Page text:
The constituted power of the state includes not only revolutionary forces, but conservative, opportunistic, and corrupt elements as well. [10] On the one hand, this mix explains the significant accomplishments of the social missions and other programs in reducing the poverty rate and increasing access to education, housing, and food. On the other hand, this mix also explains the complaints from the base about a slide towards centralization, clientelism, and officialism. And though the military appears to be a professional force that safeguards the constitutional order and stands firmly behind the democratically-elected commander in chief, there is always the concern that traitors (those willing to sacrifice Venezuelan democracy on the alter of liberal-oligarchic interests) may be plying for influence and biding their time. To put this simply, Venezuela, strictly speaking, is not a uniformly revolutionary state, but it has revolutionary figures at the highest levels of the state who are buttressed by the constituent power of the popular forces.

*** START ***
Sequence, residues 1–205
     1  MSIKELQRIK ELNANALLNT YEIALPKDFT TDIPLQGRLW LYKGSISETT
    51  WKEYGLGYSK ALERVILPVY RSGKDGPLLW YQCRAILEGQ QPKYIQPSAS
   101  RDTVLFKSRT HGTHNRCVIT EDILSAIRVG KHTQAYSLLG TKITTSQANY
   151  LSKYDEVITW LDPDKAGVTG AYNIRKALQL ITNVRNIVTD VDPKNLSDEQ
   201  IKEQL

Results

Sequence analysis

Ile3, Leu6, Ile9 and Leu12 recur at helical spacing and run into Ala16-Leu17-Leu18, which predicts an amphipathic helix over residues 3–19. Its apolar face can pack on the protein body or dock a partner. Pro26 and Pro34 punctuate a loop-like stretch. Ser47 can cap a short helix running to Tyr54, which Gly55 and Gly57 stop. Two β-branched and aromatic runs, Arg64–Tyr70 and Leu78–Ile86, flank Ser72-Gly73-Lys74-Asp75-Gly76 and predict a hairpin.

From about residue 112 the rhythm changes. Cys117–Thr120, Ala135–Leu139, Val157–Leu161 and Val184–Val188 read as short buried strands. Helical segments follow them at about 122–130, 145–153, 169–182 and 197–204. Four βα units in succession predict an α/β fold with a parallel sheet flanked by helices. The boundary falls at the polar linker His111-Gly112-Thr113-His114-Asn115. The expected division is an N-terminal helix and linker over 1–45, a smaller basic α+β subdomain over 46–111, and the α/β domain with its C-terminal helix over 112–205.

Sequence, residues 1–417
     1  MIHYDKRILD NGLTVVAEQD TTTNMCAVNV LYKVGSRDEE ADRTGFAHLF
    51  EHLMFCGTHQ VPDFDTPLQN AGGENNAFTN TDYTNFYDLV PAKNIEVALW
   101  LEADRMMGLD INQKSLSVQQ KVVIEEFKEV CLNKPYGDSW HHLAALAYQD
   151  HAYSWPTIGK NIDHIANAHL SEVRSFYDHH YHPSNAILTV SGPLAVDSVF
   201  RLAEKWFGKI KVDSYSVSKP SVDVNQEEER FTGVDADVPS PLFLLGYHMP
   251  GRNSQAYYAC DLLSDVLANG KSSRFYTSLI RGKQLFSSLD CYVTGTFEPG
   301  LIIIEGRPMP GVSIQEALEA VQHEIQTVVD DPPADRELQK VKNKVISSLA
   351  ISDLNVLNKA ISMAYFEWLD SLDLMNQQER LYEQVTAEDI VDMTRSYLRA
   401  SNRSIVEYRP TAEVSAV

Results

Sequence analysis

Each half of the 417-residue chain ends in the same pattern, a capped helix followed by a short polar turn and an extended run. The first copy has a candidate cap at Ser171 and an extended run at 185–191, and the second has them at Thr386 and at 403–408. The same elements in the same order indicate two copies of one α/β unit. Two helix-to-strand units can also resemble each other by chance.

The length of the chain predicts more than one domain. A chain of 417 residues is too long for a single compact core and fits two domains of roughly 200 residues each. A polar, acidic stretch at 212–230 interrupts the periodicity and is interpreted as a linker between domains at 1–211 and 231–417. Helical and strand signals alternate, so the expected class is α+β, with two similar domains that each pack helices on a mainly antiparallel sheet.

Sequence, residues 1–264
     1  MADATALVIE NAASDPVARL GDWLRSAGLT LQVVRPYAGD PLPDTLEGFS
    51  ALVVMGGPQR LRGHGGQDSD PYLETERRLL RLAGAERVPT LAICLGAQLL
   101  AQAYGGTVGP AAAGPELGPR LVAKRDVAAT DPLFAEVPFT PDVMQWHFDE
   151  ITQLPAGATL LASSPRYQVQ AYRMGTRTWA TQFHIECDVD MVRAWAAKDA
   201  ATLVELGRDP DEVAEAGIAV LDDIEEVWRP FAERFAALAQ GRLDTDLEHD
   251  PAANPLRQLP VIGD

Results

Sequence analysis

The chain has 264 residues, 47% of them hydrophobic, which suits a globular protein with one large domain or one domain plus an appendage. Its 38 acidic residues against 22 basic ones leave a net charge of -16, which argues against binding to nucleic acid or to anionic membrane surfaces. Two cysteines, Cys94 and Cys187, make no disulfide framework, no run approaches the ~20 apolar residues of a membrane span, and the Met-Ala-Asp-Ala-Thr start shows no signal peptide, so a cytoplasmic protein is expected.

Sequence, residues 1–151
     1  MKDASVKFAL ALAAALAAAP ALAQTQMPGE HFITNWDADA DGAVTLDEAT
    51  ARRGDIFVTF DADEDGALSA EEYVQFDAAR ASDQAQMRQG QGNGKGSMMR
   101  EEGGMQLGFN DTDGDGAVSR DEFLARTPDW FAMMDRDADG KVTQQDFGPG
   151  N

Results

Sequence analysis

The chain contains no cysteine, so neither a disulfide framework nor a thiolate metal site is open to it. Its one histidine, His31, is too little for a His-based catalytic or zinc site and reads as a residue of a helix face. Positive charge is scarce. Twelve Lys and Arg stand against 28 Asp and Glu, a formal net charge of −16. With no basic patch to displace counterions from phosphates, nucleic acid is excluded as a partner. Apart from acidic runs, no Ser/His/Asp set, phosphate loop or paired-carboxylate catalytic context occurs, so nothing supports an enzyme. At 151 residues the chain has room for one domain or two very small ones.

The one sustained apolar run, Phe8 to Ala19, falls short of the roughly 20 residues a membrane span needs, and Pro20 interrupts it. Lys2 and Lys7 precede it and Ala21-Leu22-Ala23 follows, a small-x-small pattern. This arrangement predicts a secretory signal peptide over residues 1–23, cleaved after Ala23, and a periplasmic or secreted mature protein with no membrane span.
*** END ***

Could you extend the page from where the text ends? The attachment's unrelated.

Chávez realized, and Maduro after him, that it was the constituent power in the barrios and in the countryside that are among the staunchest protagonists of the revolution. Yet, on occasion, Chávez was critical of some of the more autonomous and militant elements of constituent power. Nevertheless, as Ciccariello-Maher observes, it was these same forces to which Chávez characteristically reached out and in relation to which Chávez himself became more radicalized over time. [11] Perhaps Chávez cannot be understood as either constituted or constituent power, but rather as sometimes one and sometimes the other, and sometimes even both. In a speech given on May 16,  2004, Chávez objected to being characterized in terms of officialismo. “Sometimes one hears our people speak of officialism. This is not an appropriate term to call ourselves, this is what others call us, we are the bolivarians, the revolutionaries of Venezuela, that is what we are, we are not officialism.” [12]